RSPB (Royal Society for the Protection of Birds)

Monitoring habitat reversion at Ynys-Hir Reserve

RSPB Ynys-hir used the COBWEB app to investigate the progress of two different habitat area reversion projects; salt marsh and peat bog, which throughout their history have been influenced by both natural forces and in the last 150 years, man’s intervention. In 2015 they ran a total of 16 sessions with 255 citizen scientists, mostly children from local schools.

Saltmarsh

The RSPB with funding from the Environment Agency and advice from Countryside Council for Wales began a long term project to undertake a managed retreat and convert an area of lowland grass into upper saltmarsh habitat. Saltmarsh is a threatened habitat due to land reclamation over the last century and the benefit of the reversion work is to increase this special habitat and associated flora and fauna. Two existing old sea wall defences were breached to allow salt water into this area at the highest tides (a few days every month), creating upper saltmarsh on land drained and isolated from tidal influence since the 19th century.

Surveys on this area look for key plant species that would indicate a tolerance for saline conditions such as rush and also use sensors to sample the water and the soil for salinity levels.

Peat Bog

In the United Kingdom undisturbed lowland raised bog has decreased by about 94% over several centuries. Therefore the Covert Coch Mire Restoration Project is very significant.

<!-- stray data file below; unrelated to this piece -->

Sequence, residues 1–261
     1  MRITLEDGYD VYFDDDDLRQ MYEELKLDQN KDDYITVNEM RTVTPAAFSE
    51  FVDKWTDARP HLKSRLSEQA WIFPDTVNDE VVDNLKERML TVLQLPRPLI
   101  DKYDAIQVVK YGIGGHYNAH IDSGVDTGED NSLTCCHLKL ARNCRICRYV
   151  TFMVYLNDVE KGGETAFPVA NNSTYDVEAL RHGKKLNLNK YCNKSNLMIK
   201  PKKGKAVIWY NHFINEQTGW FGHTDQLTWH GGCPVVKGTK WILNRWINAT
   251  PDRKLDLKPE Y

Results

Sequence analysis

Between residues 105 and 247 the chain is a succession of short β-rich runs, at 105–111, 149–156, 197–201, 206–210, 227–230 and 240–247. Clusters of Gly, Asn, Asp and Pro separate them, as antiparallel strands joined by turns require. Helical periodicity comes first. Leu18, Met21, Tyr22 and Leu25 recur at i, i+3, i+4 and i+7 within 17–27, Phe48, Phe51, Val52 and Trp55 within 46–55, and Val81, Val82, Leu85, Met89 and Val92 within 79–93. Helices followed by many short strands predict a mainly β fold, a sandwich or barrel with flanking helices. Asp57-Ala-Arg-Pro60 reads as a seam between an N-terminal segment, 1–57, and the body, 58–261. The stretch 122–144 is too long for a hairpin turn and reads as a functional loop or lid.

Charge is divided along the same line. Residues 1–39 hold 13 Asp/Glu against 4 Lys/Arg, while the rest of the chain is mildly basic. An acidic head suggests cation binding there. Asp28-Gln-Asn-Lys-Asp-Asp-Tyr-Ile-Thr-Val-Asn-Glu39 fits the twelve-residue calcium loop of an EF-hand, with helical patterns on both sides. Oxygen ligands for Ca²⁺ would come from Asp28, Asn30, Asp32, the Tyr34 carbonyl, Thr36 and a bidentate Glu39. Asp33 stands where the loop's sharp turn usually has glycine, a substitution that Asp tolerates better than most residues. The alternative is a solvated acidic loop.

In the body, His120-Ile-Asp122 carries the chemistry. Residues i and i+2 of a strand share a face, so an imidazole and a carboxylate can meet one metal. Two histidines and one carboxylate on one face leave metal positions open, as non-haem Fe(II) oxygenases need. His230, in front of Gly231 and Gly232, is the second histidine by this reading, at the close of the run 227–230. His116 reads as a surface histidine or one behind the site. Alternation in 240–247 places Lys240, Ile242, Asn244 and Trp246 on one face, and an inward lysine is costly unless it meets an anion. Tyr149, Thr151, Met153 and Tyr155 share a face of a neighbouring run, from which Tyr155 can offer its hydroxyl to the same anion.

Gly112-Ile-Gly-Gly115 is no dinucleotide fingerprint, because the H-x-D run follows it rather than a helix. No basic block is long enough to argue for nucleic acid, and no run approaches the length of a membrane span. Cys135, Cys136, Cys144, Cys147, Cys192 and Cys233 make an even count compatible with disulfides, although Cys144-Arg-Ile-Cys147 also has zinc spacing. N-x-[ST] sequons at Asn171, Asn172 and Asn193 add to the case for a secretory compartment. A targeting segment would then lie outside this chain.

Covert Coch was a 10ha conifer plantation with rhododendron under storey. It was planted in 1890 when the reserve was a private estate. Some mire loving plants still grew in a small central area. The aim of the work was to restore a lowland raised bog in which these plants and the species dependent on them, could revive and spread. In the last ten years, the conifers have been felled and the remaining rhododendrons removed. Dams and sluices have been installed to raise water levels across the area.

Groups using COBWEB to record observations in the Peat Bog

The observations from the COBWEB app can now feed into management of these areas and update knowledge banks about the progress of these projects.

Read the full report by RSPB Ynys-hir about their Co-Design project using COBWEB in the PDF provided below.

File: